An overview is given of the social and emotional adjustment in young survivors of childhood cancer. The results are described in terms of self-esteem, anxiety, depression and posttraumatic stress (emotional adjustment), and in terms of behavioral functioning, social competence and school performance (socio-behavioral adjustment). Furthermore, factors related to survivors' adjustment are reported: demographics, illness- and treatment-related factors, coping and social support, and family and parental functioning. Limitations of the studies and consequences for future research are discussed. On the whole, the adjustment of young cancer survivors as a group was reasonably good, but the findings with respect to the emotional and social adjustment were inconsistent. This might be attributed to limitations of the study designs and the fact that the studies were not all directly comparable. In order to gain more insight into the predictors of adjustment, longitudinal studies are recommended, which should include control groups or standardized instruments with norm data, and use cancer-specific measures in addition to generic measures.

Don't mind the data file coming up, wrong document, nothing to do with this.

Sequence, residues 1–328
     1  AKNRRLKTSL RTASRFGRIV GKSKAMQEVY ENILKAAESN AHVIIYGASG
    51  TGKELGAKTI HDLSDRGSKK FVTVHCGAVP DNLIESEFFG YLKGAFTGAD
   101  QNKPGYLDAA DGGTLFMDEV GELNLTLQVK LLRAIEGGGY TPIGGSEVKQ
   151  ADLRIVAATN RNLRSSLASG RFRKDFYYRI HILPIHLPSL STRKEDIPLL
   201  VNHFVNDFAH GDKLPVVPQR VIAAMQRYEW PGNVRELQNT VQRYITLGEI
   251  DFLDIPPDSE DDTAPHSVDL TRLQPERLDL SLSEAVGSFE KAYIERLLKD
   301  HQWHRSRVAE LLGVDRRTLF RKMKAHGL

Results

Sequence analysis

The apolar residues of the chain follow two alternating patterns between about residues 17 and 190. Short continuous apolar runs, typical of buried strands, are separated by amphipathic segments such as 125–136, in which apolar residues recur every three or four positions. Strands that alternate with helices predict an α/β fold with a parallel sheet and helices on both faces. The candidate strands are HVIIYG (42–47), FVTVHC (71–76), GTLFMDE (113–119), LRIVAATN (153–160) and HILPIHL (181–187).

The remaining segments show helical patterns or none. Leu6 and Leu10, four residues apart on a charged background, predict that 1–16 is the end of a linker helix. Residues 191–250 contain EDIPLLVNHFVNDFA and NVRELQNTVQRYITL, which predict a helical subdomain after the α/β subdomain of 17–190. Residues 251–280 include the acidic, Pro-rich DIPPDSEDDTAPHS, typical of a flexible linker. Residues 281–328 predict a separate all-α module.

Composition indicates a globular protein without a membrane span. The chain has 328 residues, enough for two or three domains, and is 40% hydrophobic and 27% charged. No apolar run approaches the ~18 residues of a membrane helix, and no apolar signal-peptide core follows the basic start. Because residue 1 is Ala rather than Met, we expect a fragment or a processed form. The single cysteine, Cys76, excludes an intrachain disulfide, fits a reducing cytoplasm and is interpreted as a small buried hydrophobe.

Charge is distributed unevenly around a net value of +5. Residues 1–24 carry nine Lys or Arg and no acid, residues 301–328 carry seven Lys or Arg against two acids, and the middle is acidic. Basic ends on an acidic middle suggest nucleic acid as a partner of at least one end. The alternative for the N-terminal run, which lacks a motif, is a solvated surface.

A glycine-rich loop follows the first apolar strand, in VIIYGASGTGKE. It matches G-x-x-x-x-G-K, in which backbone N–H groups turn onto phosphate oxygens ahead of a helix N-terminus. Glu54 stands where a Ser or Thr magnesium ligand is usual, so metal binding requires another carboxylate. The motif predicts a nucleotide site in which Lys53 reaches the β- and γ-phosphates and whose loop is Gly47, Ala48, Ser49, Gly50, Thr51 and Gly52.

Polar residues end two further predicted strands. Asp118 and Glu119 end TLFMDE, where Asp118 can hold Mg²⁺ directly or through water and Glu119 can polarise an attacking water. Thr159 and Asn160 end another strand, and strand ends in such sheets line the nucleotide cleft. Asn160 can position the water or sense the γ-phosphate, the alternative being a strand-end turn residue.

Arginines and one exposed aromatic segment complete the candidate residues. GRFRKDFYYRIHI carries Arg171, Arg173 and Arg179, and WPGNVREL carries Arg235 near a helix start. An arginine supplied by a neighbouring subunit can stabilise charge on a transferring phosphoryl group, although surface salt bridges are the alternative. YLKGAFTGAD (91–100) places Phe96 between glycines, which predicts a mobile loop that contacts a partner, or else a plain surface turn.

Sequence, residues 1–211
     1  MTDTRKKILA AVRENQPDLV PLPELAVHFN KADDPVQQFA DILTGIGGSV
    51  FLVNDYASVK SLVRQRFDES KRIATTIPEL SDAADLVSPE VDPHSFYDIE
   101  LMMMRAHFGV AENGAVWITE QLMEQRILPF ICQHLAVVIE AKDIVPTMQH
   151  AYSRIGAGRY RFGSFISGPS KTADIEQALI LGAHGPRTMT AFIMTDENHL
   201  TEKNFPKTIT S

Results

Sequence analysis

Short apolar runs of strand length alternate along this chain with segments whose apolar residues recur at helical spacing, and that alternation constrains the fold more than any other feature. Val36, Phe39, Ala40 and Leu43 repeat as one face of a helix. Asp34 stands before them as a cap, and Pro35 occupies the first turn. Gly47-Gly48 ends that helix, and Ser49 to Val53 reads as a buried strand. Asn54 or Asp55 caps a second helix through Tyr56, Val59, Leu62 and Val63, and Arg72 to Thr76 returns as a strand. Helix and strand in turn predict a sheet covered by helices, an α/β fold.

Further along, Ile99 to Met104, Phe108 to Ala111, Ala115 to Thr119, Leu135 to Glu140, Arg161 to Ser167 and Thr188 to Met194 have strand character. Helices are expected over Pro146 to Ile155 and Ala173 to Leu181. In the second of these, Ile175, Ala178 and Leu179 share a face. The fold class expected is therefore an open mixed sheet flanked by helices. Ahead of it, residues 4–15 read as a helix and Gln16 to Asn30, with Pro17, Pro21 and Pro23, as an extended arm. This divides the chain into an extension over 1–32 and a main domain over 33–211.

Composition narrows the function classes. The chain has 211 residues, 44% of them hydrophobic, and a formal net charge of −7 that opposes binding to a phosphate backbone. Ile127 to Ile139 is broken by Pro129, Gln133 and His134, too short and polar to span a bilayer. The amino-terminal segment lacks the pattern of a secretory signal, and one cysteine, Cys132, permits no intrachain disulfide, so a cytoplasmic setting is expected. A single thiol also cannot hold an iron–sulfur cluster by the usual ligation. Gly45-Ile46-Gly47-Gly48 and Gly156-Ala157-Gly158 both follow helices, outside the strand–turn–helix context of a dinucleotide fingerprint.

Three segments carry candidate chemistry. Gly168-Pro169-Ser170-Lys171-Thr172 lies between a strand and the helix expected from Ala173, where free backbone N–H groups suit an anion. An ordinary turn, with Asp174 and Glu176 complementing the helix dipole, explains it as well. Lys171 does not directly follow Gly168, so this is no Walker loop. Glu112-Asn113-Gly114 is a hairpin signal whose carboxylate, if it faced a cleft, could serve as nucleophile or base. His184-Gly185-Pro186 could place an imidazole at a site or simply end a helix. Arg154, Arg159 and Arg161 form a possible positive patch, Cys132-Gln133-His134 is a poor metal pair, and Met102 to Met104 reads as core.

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Stam, H., Grootenhuis, M. & Last, B. Social and emotional adjustment in young survivors of childhood cancer. Support Care Cancer 9, 489–513 (2001). https://doi.org/10.1007/s005200100271